During my first pride march, I wore a “breeder” T-shirt…as in I literally painted the word “breeder” on a fucking white undershirt and donned that fucking thing while accompanying my bisexual girlfriend down 5th Avenue on the 25th Anniversary of the Stonewall Uprising. I walked down 5th Avenue, proud of my latest artistic creation, as no one gave the fucking thing a second glance, staring instead at my girlfriends’ naked tits…I mean, they were lovely tits after all. She said she felt empowered, which makes me wonder what the fuck I felt, having to label my fragile hetero-ness for some fucking reason. Now don’t get me wrong, that fucking T-shirt was a work of fucking art, but Jesus, what a douchebag I was. Forgive me, LBGTQ community.
I think a bit of perspective might be in order, you see. I grew up in Nebraska. As much as it pains me to admit it, I voted for fucking Ronald Reagan and the first Shrub before coming to my senses – although truth be told, in comparison to the current state of the GOP, those idiotic votes against-the-self strike me as mere misdemeanors in retrospect. Anyway, what I’m getting at is I was a conservative little shit from Omaha, somehow bamboozled by fake patriotism, moralizing hypocrisy, and god knows what… probably my Belfast-born old man’s penchant for the American marching band.
During my time as an ex-conservative, I never thought of myself as a Republican, and I certainly didn’t espouse their homophobia, misogyny, or racist rhetoric. I don’t know when the indoctrination started or even took hold, that I should vote for “America” – as if voting Democrat was anti-American because let’s face it, that was what was viewed as their strength in the heartland where I grew up. Fundamentalists are experts at making you feel ashamed of any idea that would challenge America’s superior capitalism, assumed morality, and military strength.
While I don’t remember the exact origins of my Republican voting spree, I remember the day the wall finally cracked. When I graduated from NYU, I thought of joining the Peace Corps. That probably would have been cool and life-changing, but I wasn’t ready to leave Manhattan, not having made any mark, not having creatively pissed on my tree as it were. I answered an ad for caseworker from the City of New York, counseling people with AIDS. It was the late 1980’s and we still didn’t know all the transmission avenues at the time. The creative heart of New York was being decimated. I thought that was as close as I’d come to the Peace Corps while still living in NYC. I guess my interest in the gig proves that I still had a big heart, even if my voting record suggested I was a little prick.
One of my clients, let’s call him “Bill”, lived on 9th Avenue. Very close to where I live now — only this was the pre-gentrification, crack epidemic 9th Avenue. He lived in a slumlord’s dream: a disaster of an apartment with roaches that raced from the furniture as you sat down. Like all my clients in the pre-cocktail early era, Bill was dying, and his lover was near death as well. His lover was a ballet dancer whose beautiful body was being ravaged by wasting syndrome and horrific Kaposi’s sarcoma lesions. For some reason, both men took a liking to me, so much so that they decided to make it their mission to challenge my conservative leanings.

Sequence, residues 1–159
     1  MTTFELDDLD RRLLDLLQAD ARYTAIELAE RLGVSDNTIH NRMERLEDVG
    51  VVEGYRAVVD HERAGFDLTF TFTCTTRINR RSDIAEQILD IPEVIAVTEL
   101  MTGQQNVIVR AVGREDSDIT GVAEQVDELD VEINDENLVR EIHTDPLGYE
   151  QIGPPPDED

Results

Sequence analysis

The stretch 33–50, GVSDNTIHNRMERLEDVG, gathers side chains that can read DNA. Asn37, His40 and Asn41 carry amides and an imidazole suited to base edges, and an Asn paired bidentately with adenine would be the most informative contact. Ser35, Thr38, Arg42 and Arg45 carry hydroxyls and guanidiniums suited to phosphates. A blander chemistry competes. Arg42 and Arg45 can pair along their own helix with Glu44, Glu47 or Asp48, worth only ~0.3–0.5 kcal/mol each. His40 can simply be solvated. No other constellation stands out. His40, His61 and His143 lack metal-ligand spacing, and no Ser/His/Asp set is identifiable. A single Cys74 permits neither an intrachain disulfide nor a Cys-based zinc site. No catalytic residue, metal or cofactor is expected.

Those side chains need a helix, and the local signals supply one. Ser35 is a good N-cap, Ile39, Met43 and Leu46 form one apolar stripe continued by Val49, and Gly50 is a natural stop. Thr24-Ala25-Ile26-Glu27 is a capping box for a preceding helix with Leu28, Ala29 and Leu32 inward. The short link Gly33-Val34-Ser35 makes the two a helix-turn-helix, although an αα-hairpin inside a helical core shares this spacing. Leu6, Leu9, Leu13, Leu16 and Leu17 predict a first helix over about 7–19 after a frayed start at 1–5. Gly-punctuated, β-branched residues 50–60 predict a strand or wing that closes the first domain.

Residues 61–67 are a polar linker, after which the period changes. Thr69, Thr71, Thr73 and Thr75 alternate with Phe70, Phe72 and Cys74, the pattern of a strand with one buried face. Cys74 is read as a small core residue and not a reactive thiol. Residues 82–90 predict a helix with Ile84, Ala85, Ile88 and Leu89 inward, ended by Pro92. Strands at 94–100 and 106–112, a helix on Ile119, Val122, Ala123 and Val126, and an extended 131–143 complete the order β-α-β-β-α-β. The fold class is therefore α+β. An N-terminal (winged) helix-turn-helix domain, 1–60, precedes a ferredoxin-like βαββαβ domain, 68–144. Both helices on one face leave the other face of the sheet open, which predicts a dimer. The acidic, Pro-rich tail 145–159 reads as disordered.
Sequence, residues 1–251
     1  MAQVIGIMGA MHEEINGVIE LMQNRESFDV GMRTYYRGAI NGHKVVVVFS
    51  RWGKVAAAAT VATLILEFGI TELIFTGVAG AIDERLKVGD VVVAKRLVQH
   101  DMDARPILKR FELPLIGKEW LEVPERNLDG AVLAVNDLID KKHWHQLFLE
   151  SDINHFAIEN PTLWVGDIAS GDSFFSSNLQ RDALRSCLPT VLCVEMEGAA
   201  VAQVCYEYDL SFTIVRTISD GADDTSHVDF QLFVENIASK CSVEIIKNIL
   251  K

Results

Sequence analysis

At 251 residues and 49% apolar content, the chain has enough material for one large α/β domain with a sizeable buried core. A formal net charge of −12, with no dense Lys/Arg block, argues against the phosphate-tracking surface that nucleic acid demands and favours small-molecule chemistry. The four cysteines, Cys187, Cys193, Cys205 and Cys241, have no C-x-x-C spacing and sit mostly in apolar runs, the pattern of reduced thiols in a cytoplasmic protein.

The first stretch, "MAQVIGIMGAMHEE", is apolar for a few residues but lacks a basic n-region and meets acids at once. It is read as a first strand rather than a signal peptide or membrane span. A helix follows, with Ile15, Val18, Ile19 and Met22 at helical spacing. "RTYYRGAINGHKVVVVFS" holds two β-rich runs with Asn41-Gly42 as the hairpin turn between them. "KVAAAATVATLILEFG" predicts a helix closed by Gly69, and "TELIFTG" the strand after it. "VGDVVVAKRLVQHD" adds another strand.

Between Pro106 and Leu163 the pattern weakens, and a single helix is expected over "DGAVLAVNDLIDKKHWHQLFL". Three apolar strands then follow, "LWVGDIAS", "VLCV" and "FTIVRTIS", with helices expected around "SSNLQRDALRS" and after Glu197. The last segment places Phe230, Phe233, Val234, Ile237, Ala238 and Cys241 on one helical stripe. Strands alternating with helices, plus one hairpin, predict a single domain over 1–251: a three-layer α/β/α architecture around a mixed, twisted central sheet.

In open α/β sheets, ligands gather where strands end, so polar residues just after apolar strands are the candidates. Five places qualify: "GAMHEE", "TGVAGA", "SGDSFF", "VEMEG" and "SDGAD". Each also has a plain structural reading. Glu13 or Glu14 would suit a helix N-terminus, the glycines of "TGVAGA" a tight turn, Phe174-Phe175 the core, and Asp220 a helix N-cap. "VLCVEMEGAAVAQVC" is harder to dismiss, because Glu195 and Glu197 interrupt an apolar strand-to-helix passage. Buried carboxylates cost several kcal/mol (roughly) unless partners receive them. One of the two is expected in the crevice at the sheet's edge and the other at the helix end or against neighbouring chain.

Flag burning was the big fake patriotism issue of the day, the kneeling black athlete of its time. Bill quietly said to me, “Frank, do you want to live in a country where burning the flag is a crime?” I must admit I was immediately taken aback and had no answer ready, how unlike me really. In the pregnant silence, he continued, “I’ve been to those countries, several of them, and don’t get me wrong, the people are lovely, but you wouldn’t want to live there.”
It would take me decades before I really traveled, but only a couple of years to start reading alternate points of view and begin realizing that my common decency, my inability to give a fuck who you slept with or what color your skin happened to be, or how you defined or expressed your gender made me a Democrat, not a Republican. When I transferred out of the AIDS division into foster care, believing somehow that ripping children away from parents would be less depressing than people dying (it wasn’t) I saw how little conservatism cared for real children, especially poor black and brown and white ones living on the brink, as opposed to their supposed support for the unborn.
I began to honestly hate my former politics, beginning to despise all those closeted “Christian” zealots decrying the sins of homosexuality and gender fluidity, the Chuck Norrises’ who clung to their marriages as proof of their heterosexuality. I believed they saw marriage equality as a threat to their carefully constructed self-lies, their slapdash facial hair attempting to masculinize their soft features, because you know, God forbid they looked remotely like a woman. That’s how fragile their masculinity was.
I’m guessing I wore the damn breeder shirt because I was still clinging to the last vestiges of conservatism, worrying people might think I was gay, again, God forbid. As I’ve matured, I’ve come to realize that God forbids a lot of my favorite shit, which is one of the many reasons I never believed in that sanctimonious, judgmental wanker. Why would anyone believe in someone or something whose sole purpose is to make us feel bad about ourselves? I can do that shit all by my self.
I keep the damn shirt to this day. Why? Maybe because it reminds me of my artistic dabbling, perhaps as a token of my former self, knowing very well that our selves can never really be former. The shirt represents something inside me, something that understands the adolescent attraction to mock righteousness, an adolescence I see on display throughout the Republican party and their platform. And oh how I despise it, knowing it as well as I do.
Also published on Medium.